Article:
Tower Private Advisors
- Slew of headlines
- Payrolls report
Tower Private Advisors
It used to be that a headline like the one attached to the story below would have seemed incongruous. Now, we just shake our heads and realize it’s a sign of the times and the current state of affairs. (Click on the story for the full version.)
Given the state of global finances, perhaps we shouldn’t find this surprising. Here is a look at debt-to-GDP levels for advanced and developing countries, the constituents of which are defined by FTSE. The developed countries are represented by the blue bars, while the emerging countries are shown in green. Averages are shown in the respective colors.
This is late to the blog, but I had trouble posting them up earlier. Cumberland Advisors sends out free, occasional but always timely e-mails. I highly recommend signing up for them. In posting them below I have butchered the text formatting, and I apologize to the fine folks at Cumberland Advisors for that. What follows is an excellent comparison of the current quake situation with Japan to one similar that occured in 1995. My highlighting below.
I saw the story immediately below and began thinking about BP disaster as an analog for Japan. I know, I know–plugging a hole in the bottom of the ocean isn’t the same as stopping a nuclear problem–I mean, we know that, right? Recalling those images, though, from the undersea cameras as they tried to snake this or that mechanism down there seemed plenty complicated–and they used concrete in that disaster, too, right–makes it sound not so far fetched.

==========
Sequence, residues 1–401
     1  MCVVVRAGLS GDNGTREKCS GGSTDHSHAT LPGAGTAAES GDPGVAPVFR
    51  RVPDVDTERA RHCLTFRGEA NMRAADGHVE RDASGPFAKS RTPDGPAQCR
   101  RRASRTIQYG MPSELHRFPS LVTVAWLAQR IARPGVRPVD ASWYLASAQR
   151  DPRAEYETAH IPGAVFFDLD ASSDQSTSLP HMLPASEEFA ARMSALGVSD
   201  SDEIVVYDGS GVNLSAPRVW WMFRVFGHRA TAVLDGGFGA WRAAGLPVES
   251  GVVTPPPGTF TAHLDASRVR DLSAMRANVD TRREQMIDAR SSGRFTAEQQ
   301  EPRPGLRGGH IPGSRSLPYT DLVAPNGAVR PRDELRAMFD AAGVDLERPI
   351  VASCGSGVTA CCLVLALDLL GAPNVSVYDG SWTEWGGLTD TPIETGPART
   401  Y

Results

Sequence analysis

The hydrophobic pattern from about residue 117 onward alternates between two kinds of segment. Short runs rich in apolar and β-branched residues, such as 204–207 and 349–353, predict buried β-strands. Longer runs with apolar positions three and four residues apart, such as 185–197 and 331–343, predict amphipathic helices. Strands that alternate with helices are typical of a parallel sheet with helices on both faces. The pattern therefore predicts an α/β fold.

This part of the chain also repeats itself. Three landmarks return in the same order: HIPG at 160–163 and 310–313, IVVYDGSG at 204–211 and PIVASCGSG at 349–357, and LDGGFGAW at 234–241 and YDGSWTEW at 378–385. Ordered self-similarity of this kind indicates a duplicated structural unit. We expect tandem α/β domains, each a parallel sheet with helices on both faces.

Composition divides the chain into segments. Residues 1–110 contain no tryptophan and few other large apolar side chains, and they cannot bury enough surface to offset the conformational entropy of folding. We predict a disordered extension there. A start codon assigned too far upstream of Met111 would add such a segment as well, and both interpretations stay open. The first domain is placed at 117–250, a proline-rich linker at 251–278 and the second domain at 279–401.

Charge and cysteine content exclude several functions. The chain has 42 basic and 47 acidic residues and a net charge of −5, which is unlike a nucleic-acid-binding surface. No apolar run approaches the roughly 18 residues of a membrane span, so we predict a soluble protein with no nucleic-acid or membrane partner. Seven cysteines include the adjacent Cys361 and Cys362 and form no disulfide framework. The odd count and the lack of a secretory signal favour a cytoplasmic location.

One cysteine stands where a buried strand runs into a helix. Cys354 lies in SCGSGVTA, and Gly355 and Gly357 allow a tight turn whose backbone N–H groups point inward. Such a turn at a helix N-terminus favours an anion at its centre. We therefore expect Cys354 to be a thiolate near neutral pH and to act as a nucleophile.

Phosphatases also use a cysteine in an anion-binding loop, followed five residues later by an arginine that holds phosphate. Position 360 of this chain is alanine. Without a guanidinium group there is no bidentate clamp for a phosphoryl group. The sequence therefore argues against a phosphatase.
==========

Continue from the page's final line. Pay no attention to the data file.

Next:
Anyway, here’s the story. Doesn’t it sound familiar?
So I took it a step further. In the chart below you’ll see three panels. In the top and bottom panels are charted BP’s stock and the S & P 500 starting 19 days before the April 20, 2010, well disaster, respectively. The middle panel shows the Japan ETF (EWJ) from 19 days before the earthquake. I adjusted the Y-axis on that panel, and it’s, coincidentally, not far off the scale of the BP chart. It took the S & P 500 about 28 weeks to recoup its pre-spill levels. From the leak to the bottom of BP stock’s decline was about ten weeks. I didn’t try to figure out when the well had been plugged/capped because–you’ll recall–there was endless talk about endless lawsuits from the spill; I figured the bottom in the stock was a better measure.
Here are takeaways
We never want to let time and history be the sole factors in investment decisions, but they can provide useful signposts. Yes, the situations are absolutely different this time, but I will guarantee you that the traders have not changed a whit. They’re still prone to swings of emotion, and that’s what makes history-doesn’t-repeat-itself-but-it-often-rhymes such a useful saw.